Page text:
1991). Other important advantages of the maglev technology are

the lightweight aluminum or composite car body which reduces

weight and improves acceleration and climbing ability (train's

weight is also reduced because the stator wires are located on

the guideway instead of the vehicle); higher banking angles

allowing higher speeds on curves; advanced electronics used in

the guidance, communication, monitoring, braking, and

automated control modes; lower energy consumption than HSR at

comparable speeds; and better distribution of dynamic loading

over the guideway (vehicle weight is distributed over wide

magnets instead of the small contract area between HSR wheels

and rails).

The primary disadvantage of maglev technology is that it

requires a costly and exclusive guideway, and therefore cannot

use existing tracks and existing stations in urban areas.

Providing a new access to urban areas can be very expensive.

While HSR systems can operate on conventional tracks at lower

speeds, maglev passengers are required to transfer to complete


their trip on existing rail lines. This is the main reason why

maglev systems are being proposed primarily to link nearby

airports (Johnson et al., 1989). Another disadvantage of the

maglev technology is that maglev systems have only been

operational on test tracks and in international expositions.

Furthermore, the EDS maglev system is still in the

developmental phase. Because no maglev system has been

implemented in revenue service, the infrastructure cost and

operational expenses cannot be estimated with any reasonable

degree of accuracy. Maglev trial runs on test tracks are

infrequent and at speeds lower than the maximum speed. The

reliability of maglev vehicles and infrastructures in a

full-schedule revenue service remains to be proven (USDOT,


EMS and EDS Maglev Technologies

Maglev vehicles are levitated either by attractive

electromagnetic suspension (EMS) or repulsive electrodynamic

suspension (EMS) as shown in Figure 3-1. The German Transrapid

and the Japanese HSST use the EMS technology. The Japanese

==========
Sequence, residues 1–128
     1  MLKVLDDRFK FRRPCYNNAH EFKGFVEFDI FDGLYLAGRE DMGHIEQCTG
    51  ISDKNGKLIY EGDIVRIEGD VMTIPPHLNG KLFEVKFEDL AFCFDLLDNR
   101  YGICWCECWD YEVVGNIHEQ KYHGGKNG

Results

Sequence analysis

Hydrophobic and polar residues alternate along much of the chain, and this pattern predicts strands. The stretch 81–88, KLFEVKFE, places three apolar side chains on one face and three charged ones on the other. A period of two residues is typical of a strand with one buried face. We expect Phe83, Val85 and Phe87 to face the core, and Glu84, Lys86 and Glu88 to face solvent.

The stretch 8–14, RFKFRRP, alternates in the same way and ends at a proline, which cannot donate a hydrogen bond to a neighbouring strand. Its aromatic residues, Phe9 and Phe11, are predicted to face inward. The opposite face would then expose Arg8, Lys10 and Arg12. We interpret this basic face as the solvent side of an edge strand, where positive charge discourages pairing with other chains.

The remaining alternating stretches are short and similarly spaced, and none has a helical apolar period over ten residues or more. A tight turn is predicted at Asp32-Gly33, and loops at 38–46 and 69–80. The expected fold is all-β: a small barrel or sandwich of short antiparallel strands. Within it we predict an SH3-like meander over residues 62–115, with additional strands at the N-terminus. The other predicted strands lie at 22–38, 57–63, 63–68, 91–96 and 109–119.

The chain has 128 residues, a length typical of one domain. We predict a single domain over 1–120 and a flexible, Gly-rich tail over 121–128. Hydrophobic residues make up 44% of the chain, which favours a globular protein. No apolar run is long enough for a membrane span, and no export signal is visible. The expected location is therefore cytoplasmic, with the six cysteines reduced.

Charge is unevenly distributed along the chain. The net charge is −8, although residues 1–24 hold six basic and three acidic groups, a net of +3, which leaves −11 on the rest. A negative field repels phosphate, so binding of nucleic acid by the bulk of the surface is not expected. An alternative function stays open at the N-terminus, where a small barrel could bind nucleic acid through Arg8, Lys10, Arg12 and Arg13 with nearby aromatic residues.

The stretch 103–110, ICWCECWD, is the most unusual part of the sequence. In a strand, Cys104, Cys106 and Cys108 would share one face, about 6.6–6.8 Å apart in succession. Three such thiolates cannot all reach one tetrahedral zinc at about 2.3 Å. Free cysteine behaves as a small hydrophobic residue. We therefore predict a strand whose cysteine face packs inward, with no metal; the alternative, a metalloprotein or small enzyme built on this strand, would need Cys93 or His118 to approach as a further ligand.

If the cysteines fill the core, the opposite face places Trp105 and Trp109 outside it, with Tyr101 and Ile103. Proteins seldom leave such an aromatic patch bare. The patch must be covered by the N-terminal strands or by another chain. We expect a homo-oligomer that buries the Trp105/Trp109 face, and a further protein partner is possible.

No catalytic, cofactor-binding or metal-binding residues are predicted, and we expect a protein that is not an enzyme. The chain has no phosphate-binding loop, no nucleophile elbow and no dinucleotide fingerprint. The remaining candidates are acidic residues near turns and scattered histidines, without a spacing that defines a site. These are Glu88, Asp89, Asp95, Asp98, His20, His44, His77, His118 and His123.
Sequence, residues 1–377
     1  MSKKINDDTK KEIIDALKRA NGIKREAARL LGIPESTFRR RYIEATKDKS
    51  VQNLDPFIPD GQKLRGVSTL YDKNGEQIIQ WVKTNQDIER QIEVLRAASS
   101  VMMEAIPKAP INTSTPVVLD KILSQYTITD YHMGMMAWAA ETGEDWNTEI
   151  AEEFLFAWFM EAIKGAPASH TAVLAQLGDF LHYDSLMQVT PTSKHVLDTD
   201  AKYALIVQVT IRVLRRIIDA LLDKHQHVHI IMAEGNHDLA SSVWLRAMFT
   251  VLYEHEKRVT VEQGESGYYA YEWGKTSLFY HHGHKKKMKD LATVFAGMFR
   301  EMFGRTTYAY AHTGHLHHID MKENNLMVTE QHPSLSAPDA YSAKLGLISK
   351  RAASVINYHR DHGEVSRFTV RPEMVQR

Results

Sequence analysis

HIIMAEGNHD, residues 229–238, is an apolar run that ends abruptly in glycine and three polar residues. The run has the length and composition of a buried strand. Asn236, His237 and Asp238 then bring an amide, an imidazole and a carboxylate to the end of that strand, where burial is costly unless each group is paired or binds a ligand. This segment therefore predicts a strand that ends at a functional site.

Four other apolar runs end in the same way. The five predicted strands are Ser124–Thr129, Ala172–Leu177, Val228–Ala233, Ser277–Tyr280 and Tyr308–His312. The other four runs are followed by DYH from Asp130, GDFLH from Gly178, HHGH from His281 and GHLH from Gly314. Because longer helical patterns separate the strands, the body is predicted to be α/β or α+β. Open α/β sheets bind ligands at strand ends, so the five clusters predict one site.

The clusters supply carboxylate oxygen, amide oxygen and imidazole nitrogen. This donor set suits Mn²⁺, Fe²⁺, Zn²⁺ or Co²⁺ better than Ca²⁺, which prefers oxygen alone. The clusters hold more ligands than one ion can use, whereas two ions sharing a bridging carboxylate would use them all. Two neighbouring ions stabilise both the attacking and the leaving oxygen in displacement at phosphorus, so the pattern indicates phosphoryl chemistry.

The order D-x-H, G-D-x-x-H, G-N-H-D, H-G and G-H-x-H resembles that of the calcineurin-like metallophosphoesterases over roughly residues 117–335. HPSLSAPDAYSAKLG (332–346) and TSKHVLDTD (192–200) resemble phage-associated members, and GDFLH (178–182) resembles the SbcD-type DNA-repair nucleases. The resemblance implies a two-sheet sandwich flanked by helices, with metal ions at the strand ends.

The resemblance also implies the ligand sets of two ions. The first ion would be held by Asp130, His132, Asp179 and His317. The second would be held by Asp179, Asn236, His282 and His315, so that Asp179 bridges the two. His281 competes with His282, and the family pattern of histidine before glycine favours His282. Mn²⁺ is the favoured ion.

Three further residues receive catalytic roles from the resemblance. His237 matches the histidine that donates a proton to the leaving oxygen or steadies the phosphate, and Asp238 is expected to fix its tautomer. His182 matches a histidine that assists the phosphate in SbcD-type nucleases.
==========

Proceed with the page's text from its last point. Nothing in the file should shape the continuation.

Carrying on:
MLU and most of the proposed U.S. maglev systems use the EDS

technology. Transrapid and MLU propulsion is provide by linear

synchronous motors that include field coils in vehicles'

underside and active stator windings on the guideway.

Levitation of EMS vehicles derives from the attractive

forces between conventional electromagnets placed on the lower

portion of the vehicle and a ferromagnetic guideway.






Levitation of an EDS vehicle derives from the repulsive

forces between superconducting magnets placed on the vehicle

and induced electric currents known as eddy currents. Systems

using EMS can levitate at rest. Systems relying on EDS require

a certain speed before induced currents levitate the train.

According to a study sponsored by USDOT (Uher, 1990), the EMS

technology is several years ahead of the superconducting

technology pursued by Japan and the United States.

The EMS systems operate with an air gap of less than a

centimeter (0.4 in) because energy consumption increases with

the square of the gap. The small air gap, however, limits

maximum operational speeds to about 500 km/h (310 mph). The

EDS systems tolerate an air gap ten times larger than EMS

systems, allowing higher speeds and more flexibility in

guideway design.

Another advantage of the EDS technology is its inherent

stability. If the vehicle equilibrium position is disturbed by

high wind or passenger movement, the intensity of the

repulsive magnetic field varies and creates counteracting

forces that tend to restore the vehicle to its initial

position. On the other hand, the EMS technology is inherently

unstable. Disturbances in the equilibrium position tend to

generate forces that accentuate the unbalancing forces.

Therefore, the air gap of EMS systems must be monitored

continuously and continuous adjustments of the magnetic forces

are required (Johnson et al., 1989). The power required to